Negative ad alleging Rep. Hudson ‘skipped’ key military vote comes under fire

Hudson under COVID quarantine during vote but helped draft portions of bill

Rep. Richard Hudson speaks with supporters at a campaign event.

RALEIGH — In North Carolina’s most competitive congressional race, the 8th District fight between Republican incumbent Richard Hudson and former state Supreme Court associate justice Pat Timmons-Goodson, a negative campaign ad aimed at Hudson is drawing scrutiny as it gets a last-minute boost from additional PAC funding.

Both candidates are keen to show their support for the military and veterans, considering the world’s largest military base, Fort Bragg, lies within the district. Timmons-Goodson highlights being raised in a Fort Bragg family, with her father, Edward Timmons, a sergeant first class in the 82nd Airborne, often stationed on the base.

But independent backers of Timmons-Goodson are going beyond simply painting her as a “hometown challenger,” as she puts it; they are seeking to discredit Hudson’s image as a champion of the military and veterans. Both Hudson’s campaign and independent fact-checkers claim that an ad being used to cast doubt on his record is wrong on key details.

The ad, called “Skipped Out,” starts with an image of a wounded soldier being treated and then carried to a helicopter. The voice-over says, “They put their lives on the line every day, but Congressman Hudson skipped out on a vote to give our troops a hard-earned raise.” The ad concludes with the words, “Congressman Hudson is a disgrace.”

But a CBS-17 fact-check says, “the ad, produced by the Democrats’ House Majority PAC, leaves out some critical context,” and earns a rating of “mostly false.”

The context CBS-17 identifies includes the fact that during the vote in question, for the National Defense Authorization Act, Hudson was under a doctor-ordered quarantine after being exposed to COVID-19. A letter from Dr. Brian Monahan, who is the on-site physician for Congress and the U.S. Supreme Court, recommended a 14-day quarantine, which ended after the vote.

The fact-check also points out that the vote was not expected to be close, passing 295-125; Hudson submitted an explanation on his absence for the official record, which stated his support for the bill; and he was involved in writing certain portions of the bill, notably, the 10% increase in hazard pay.

A fact-check on the ad also ran in N.C.’s McClatchy papers — The Charlotte Observer, Raleigh’s The News & Observer and The Herald-Sun in Durham — on Oct. 27, which said, “The ad opens with a factual statement, but displays inconsistencies and lacks context throughout the commercial.”

Hudson’s campaign filed a cease-and-desist letter to stations in the district that were airing the ad, but Greg Steele, a spokesman for Hudson’s campaign, told NSJ, they “received several vague responses,” but no commitments to stop airing the ad.

After an Oct. 21 announcement by pro-choice PAC Emily’s List, it appears the ad will even be seeing increased airtime.

“Hudson has failed to show up for North Carolinians — 272 times, to be exact,” said Melissa Williams, executive director of Emily’s List’s independent expenditure arm WOMEN VOTE!, in a press statement. The statement announced their partnership with House Majority PAC to spend an additional $920,000 airing “Skipped Out,” saying, “The ad exposes Congressman Hudson’s shameful record of voting against veterans.”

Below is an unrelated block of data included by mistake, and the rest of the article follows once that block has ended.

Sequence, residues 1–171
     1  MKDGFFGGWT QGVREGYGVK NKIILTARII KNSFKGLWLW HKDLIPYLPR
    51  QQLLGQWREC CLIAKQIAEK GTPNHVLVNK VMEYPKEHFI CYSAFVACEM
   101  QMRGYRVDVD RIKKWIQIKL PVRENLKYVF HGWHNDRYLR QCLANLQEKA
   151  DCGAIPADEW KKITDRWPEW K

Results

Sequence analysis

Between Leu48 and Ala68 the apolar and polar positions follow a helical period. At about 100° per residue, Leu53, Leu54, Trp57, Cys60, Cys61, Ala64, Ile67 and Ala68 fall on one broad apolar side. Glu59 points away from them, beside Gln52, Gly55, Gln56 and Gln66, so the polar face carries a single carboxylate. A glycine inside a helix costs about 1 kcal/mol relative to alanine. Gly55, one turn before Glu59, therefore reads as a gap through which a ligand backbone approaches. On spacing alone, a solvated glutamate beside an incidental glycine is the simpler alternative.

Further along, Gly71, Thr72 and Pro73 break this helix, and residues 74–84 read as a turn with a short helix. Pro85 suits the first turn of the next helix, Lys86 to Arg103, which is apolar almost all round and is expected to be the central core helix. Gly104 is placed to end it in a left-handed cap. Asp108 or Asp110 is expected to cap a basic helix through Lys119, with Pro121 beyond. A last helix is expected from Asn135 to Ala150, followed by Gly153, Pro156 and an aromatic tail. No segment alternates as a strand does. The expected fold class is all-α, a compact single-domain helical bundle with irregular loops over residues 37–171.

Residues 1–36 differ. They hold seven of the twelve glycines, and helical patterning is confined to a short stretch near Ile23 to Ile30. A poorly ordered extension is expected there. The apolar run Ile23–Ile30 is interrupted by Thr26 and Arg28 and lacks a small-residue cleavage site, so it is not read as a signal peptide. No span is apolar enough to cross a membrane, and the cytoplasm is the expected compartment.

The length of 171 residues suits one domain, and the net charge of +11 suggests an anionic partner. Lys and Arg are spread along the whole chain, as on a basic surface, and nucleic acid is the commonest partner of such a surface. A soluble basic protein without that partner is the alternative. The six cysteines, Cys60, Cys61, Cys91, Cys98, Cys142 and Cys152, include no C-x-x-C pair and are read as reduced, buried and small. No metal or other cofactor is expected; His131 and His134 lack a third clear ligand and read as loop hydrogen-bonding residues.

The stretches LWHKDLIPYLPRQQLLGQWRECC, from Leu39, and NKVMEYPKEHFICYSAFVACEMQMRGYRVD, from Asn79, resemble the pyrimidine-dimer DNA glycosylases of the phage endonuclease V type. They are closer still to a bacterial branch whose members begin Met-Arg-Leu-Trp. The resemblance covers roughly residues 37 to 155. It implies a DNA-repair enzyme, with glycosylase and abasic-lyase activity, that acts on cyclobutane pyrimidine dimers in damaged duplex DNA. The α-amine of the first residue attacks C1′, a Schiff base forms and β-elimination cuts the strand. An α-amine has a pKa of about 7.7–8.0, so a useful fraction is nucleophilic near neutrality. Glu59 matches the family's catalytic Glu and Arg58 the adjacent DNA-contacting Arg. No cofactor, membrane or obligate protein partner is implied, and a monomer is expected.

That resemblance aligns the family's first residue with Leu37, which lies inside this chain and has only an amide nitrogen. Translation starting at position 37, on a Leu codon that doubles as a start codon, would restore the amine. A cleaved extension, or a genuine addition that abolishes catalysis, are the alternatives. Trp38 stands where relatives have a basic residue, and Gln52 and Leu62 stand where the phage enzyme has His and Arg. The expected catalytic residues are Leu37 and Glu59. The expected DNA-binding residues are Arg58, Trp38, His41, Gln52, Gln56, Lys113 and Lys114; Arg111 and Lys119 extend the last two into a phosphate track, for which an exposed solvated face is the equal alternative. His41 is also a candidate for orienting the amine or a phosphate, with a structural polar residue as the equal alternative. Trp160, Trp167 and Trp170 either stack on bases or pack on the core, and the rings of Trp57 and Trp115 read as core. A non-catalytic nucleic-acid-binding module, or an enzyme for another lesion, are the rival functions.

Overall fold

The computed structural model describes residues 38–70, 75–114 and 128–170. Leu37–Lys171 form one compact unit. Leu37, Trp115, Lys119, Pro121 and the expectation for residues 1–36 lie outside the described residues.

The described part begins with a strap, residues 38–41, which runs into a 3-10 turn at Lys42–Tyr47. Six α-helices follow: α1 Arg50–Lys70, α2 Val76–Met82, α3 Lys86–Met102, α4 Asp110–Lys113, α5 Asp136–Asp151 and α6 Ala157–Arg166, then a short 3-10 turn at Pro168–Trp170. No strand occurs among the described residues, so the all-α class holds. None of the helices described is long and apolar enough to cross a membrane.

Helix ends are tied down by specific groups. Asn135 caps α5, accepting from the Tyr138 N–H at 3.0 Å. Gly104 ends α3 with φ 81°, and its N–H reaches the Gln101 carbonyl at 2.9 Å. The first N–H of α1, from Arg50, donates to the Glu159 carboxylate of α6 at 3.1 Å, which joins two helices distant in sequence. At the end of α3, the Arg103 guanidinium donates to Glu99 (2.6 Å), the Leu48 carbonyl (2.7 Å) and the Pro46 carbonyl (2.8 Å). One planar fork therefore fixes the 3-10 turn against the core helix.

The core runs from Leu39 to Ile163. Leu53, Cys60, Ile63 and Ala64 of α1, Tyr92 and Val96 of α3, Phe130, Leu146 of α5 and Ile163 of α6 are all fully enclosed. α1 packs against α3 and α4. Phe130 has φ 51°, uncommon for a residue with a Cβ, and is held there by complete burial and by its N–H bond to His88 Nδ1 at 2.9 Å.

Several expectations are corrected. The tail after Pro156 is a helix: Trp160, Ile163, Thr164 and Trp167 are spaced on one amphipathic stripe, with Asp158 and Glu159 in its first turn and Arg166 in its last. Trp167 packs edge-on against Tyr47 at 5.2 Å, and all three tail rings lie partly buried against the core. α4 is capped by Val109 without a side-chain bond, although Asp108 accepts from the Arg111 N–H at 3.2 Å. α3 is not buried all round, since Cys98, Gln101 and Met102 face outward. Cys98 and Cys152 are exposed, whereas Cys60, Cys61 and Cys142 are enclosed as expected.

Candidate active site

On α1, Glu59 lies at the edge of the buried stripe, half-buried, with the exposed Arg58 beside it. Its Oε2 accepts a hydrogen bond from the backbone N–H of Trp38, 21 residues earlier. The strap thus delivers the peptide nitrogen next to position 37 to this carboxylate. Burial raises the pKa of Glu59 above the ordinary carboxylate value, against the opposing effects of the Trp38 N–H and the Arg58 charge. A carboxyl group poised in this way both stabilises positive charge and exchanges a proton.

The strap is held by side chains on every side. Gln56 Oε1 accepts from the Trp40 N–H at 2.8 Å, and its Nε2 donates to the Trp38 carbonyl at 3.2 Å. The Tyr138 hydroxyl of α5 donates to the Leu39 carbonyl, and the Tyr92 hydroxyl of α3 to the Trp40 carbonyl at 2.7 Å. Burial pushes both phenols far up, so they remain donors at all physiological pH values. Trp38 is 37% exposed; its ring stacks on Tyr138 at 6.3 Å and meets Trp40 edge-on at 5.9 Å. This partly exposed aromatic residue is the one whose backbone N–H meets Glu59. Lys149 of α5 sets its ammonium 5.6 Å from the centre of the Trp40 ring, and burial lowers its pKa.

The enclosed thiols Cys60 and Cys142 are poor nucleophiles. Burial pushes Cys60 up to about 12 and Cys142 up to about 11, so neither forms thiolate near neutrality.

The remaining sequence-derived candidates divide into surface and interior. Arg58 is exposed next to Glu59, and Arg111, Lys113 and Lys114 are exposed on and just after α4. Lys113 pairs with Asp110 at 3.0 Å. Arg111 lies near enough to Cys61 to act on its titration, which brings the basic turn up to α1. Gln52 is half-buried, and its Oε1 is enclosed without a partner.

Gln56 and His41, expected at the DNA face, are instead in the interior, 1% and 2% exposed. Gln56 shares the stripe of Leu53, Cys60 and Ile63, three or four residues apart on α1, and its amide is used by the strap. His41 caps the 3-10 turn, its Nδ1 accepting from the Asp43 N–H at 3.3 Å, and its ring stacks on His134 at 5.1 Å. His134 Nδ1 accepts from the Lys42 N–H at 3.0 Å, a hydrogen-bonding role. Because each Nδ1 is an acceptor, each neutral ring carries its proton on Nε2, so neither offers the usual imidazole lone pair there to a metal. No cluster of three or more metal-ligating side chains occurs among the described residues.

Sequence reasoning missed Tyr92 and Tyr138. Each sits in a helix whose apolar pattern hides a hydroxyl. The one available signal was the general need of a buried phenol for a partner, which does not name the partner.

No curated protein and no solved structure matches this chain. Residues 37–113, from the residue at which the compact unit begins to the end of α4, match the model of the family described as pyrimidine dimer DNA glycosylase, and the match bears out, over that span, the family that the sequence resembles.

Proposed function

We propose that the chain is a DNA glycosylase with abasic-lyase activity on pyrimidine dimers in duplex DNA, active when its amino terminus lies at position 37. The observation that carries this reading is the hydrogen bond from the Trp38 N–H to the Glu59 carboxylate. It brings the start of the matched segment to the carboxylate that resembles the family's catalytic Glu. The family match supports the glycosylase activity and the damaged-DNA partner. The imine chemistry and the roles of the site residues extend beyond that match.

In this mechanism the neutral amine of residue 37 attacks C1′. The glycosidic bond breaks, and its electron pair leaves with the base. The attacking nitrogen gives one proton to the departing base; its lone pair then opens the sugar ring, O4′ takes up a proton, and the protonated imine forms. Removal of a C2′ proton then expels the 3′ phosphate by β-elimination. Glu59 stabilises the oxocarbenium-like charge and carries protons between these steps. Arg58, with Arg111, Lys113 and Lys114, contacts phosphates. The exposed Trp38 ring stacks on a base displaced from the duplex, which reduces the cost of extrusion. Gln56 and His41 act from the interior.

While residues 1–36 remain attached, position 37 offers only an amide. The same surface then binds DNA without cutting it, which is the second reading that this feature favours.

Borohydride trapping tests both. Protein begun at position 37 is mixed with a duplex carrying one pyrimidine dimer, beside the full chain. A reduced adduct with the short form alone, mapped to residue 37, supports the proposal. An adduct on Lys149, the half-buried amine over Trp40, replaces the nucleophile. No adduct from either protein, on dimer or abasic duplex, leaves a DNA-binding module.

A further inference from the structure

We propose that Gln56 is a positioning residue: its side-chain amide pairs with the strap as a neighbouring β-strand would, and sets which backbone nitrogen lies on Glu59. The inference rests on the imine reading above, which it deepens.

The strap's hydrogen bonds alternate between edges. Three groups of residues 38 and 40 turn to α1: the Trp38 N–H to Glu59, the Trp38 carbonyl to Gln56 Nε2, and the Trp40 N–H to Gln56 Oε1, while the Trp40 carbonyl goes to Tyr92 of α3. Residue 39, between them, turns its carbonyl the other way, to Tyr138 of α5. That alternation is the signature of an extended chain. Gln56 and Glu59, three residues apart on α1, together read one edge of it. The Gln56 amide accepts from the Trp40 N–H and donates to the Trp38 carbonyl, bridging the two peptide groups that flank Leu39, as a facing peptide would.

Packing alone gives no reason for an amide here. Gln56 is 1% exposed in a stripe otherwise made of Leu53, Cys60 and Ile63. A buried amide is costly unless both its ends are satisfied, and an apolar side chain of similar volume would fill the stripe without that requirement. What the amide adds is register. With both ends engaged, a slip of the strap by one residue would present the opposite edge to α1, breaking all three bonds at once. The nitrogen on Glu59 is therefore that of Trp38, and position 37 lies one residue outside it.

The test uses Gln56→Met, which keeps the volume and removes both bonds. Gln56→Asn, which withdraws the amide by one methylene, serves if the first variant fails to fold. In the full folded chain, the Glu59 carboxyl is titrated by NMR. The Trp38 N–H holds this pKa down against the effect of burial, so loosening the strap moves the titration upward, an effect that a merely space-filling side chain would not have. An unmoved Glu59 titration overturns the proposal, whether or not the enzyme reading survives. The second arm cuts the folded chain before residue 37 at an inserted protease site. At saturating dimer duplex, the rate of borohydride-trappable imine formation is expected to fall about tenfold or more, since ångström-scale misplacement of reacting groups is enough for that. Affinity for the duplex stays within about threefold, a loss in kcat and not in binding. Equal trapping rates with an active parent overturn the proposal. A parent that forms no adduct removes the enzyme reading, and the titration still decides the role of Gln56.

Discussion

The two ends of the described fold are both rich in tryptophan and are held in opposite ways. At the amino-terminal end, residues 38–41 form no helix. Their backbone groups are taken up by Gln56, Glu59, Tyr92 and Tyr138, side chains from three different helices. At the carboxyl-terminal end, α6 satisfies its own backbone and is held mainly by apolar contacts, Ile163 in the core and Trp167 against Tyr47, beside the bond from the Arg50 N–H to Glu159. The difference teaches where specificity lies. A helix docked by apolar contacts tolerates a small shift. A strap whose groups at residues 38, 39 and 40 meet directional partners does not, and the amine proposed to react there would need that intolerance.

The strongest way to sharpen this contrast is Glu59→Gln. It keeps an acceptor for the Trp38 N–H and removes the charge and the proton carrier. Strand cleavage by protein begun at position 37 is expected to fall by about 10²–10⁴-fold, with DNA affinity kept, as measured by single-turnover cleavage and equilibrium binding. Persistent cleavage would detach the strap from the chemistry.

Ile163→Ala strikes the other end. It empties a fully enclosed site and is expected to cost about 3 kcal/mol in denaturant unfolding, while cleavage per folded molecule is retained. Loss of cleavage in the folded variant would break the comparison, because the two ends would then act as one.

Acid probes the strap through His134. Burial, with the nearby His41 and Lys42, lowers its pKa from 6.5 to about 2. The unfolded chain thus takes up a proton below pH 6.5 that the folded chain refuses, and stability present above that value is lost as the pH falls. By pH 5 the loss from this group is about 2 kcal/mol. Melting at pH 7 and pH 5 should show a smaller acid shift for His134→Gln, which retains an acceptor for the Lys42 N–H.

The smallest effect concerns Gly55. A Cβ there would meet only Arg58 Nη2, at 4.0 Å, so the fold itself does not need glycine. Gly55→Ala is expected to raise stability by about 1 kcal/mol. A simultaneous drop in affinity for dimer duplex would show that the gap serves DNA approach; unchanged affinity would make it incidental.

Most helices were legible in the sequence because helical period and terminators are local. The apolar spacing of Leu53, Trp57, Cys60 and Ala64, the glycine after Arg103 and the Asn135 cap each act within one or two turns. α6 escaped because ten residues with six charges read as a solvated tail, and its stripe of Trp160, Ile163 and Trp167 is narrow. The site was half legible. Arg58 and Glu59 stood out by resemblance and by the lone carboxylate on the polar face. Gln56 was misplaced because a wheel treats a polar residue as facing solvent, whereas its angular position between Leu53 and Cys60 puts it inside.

“Radical groups like Emily’s List are pouring money into Timmons-Goodson’s campaign because of her radical liberal views,” Hudson campaign manager Robert Andrews told NSJ in response. “She supports taxpayer-funded abortions on demand right up to and even after childbirth.”

Hudson held a virtual press event Oct. 20 with military members and veterans that support him, aiming to fight back against the accusation that he is neglecting their needs. The speakers were at times emotional as they spoke in defense of Hudson and his record, including a man who was severely injured by two IED attacks in Afghanistan, losing a leg and requiring multiple surgeries. He said Hudson visited him privately on multiple occasions when he was at low moments, adding, “You fight tirelessly for us, and for anyone to say otherwise is unfathomable to me.”

Another man, former special forces officer John Zumwalt, became emotional defending Hudson’s connections to the military community in greater Fayetteville. Zumwalt said of the ad’s claims, “We call that a lie. And we call people who tell lies — we call them liars.”

Candidates cannot legally coordinate with political action committees making independent expenditures in favor of their campaigns, so while the ad may benefit her chances on Election Day, Timmons-Goodson would not have participated in creating the ad or financing its distribution.

The fight between Hudson and Timmons-Goodson for N.C.’s 8th District is expected to be closer than Hudson’s prior races after redistricting added more Democratic-leaning areas. The Cook Political Report still lists the seat as a “Lean Republican,” but some polling has suggested the race could be close, creating a flurry of late spending.

Another high-profile race, that of U.S. Sen. Thom Tillis and his Democratic challenger Cal Cunningham, also has a military-linked controversy in the final days of the campaign, as Cunningham is being investigated by the U.S. Army for possible misconduct. Cunningham, who serves with the Army Reserves’ XVIII Airborne Corps, also based out of Fort Bragg, has admitted to an inappropriate relationship with the wife of another soldier, an apparent violation of the Uniform Code of Military Justice.